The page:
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Profit margin

For a business to survive in the long term it must generate profit. Therefore the net profit margin ratio is one of the key performance indicators for your business. Profit margin is used as a measure of how much a company actually retains in earnings per dollar of revenue from sales of goods or services. It is one potential measuring stick of profitability. The term has various other names, such as net profit margin, net profit ratio, or simply net margin.

Profit margin is simply calculated by finding the net profit as a percentage of the revenue.

      Net Profit margin = Net profit (after taxes) / Revenue * 100

A 20% profit margin, for example, means the company has a net income of $0.20 for each dollar of sales.

Profit margin can be useful for comparing or contrasting companies that are within similar industries, but cross-industry comparison may not be as beneficial as profit margins vary greatly depending upon the involved industry. A higher profit margin indicates a more profitable company that has better control over its costs compared to its competitors. A low profit margin can indicate pricing strategy and/or the impact competition has on margins.

Profit margin can also be helpful as simply looking at earnings may not tell as much of a story. Even increased earnings may not mean the company's financial situation is improving if costs have increased by the same amount or more. Increased earnings are good, but an increase does not mean that the profit margin of a company is improving. For instance, if a company has costs that have increased at a greater rate than sales, it leads to a lower profit margin. This is an indication that costs need to be under better control.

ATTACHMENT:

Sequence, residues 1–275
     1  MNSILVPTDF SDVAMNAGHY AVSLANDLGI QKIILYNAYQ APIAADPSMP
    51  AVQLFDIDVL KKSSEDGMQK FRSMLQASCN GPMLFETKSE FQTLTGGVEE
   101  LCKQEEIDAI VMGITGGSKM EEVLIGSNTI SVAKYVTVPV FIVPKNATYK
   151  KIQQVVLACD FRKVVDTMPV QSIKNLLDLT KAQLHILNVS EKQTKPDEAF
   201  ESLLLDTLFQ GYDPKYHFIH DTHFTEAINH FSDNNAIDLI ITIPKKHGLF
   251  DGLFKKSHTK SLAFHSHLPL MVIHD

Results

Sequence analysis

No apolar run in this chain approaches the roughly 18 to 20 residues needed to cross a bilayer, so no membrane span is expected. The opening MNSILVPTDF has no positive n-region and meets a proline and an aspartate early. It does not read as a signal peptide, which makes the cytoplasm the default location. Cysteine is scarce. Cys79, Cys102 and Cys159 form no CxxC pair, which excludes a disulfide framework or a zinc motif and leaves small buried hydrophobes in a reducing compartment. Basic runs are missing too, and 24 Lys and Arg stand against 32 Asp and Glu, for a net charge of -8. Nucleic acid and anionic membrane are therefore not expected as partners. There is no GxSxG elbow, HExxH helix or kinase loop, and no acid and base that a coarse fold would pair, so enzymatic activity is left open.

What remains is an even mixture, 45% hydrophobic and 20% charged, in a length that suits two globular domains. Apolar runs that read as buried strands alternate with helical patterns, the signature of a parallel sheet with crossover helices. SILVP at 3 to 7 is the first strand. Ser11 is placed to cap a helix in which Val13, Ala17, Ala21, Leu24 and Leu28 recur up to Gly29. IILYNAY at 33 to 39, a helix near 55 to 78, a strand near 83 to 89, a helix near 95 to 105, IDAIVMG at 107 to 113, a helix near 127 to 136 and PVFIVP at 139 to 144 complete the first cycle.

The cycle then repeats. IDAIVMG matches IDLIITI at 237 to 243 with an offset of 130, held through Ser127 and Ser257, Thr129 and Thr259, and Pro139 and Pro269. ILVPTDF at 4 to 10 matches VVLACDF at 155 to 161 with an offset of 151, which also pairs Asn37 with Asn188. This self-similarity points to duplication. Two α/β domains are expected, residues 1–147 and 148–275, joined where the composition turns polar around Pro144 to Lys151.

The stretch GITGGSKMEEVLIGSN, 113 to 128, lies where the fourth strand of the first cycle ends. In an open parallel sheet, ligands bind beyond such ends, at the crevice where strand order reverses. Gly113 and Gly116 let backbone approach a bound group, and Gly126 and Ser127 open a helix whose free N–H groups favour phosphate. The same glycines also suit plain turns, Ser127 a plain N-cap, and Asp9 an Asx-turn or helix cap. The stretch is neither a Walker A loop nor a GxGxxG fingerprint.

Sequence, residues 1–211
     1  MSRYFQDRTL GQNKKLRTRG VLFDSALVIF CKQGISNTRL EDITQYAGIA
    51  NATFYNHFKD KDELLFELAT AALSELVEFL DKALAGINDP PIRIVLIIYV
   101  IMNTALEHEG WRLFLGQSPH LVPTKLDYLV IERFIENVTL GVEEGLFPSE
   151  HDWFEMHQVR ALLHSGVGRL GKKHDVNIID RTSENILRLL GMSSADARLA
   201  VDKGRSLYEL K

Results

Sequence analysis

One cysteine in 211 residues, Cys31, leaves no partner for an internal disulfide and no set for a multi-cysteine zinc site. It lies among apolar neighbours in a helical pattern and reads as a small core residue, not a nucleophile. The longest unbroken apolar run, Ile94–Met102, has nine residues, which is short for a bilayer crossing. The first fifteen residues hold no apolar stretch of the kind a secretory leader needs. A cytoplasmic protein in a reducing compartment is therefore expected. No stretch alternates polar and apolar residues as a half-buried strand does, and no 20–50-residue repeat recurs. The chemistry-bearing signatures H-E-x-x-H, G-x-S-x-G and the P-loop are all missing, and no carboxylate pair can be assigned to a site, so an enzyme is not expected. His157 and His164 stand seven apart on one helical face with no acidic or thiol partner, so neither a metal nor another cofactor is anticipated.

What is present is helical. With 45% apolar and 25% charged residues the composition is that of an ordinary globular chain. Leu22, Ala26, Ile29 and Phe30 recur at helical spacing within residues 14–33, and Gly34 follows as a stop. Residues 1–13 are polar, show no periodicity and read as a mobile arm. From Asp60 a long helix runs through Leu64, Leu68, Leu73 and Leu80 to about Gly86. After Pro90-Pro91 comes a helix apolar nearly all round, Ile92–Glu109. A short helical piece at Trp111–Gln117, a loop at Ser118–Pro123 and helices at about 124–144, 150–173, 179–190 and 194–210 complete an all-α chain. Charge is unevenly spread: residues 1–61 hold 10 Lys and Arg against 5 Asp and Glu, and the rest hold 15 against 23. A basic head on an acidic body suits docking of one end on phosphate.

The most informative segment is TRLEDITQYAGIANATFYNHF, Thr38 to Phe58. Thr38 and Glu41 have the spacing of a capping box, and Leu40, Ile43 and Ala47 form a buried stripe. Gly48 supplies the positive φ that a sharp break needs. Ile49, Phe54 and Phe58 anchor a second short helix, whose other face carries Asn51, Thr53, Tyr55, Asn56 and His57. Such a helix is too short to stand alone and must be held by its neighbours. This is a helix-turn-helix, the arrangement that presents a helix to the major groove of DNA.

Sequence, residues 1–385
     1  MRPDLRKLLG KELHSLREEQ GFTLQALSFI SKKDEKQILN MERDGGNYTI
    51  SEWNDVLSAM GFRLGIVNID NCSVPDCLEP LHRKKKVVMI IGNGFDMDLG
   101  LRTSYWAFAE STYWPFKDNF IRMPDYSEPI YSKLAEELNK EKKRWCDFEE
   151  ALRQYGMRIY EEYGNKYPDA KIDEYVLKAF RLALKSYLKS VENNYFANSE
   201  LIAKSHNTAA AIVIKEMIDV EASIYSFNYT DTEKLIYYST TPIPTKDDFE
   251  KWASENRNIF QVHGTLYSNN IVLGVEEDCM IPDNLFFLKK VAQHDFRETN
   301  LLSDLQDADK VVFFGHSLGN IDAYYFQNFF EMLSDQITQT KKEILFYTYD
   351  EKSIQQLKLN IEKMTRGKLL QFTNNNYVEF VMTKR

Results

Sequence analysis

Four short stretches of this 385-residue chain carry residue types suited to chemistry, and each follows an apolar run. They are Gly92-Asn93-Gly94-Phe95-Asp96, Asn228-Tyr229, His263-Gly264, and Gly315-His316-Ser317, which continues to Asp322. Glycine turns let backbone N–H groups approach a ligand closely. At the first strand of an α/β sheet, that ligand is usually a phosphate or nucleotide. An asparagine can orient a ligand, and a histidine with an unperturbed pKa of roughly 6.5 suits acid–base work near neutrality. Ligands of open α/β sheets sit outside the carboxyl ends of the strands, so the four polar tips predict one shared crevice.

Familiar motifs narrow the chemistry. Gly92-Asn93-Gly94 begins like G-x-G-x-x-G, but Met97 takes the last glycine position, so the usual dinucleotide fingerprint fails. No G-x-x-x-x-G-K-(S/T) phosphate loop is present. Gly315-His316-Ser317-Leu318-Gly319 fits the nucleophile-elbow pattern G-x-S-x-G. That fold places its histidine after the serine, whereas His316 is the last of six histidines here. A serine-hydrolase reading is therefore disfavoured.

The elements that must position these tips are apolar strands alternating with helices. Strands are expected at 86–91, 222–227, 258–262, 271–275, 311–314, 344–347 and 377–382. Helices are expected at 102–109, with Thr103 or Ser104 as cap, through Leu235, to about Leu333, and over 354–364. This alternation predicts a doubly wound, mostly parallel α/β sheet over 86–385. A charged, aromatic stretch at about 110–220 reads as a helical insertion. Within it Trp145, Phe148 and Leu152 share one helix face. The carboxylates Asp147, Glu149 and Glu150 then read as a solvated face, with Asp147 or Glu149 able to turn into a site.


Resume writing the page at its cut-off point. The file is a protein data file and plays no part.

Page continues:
Imagine a company has a net income of $10 million from sales of $100 million, giving it a profit margin of 10% ($10 million/$100 million). If in the next year net income rises to $15 million on sales of $200 million, the company's profit margin would fall to 7.5%. So while the company increased its net income, it has done so with diminishing profit margins.

Here are a few examples of the net profit margins from the same businesses:

Leisure & Hotels International Airline Manufacturer Retailer Discount Airline Refining Pizza Restaurants Accounting Software
      Net Profit 7.36% 4.05% -10.48% 1.63% 10.87% 12.63% 7.55% 27.15%

Just like the gross profit margins, the net profit margins also vary from business to business and from industry to industry. When we compare the gross and the net profit margins we can gain a good impression of their non-production and non-direct costs such as administration, marketing and finance costs.

We saw that the international airline's gross profit margin was the lowest of this group of eight businesses at only 5.62%; but look, its net profit margin is 4.05%, only a little bit lower than its gross profit margin. On the other hand, the discount airline's gross profit margin is 27.46% but its net profit margin is a lot less than that at 10.87%. As we just said, these comparisons give us a great insight into the cost structure of these businesses.

Look at the software business too, a very high gross profit margin of 89.55% but a net profit margin of 27.15%. This is still high, but we can now see that the administration and similar expenses are very high whilst its cost of sales and operating costs are relatively very low.

It is worth analyzing the ratio over time. A variation in the ratio from year to year may be due to abnormal conditions or expenses. Variations may also indicate cost blowouts which need to be addressed. A decline in the ratio over time may indicate a margin squeeze suggesting that productivity improvements may need to be initiated. In some cases, the costs of such improvements may lead to a further drop in the ratio or even losses before increased profitability is achieved.


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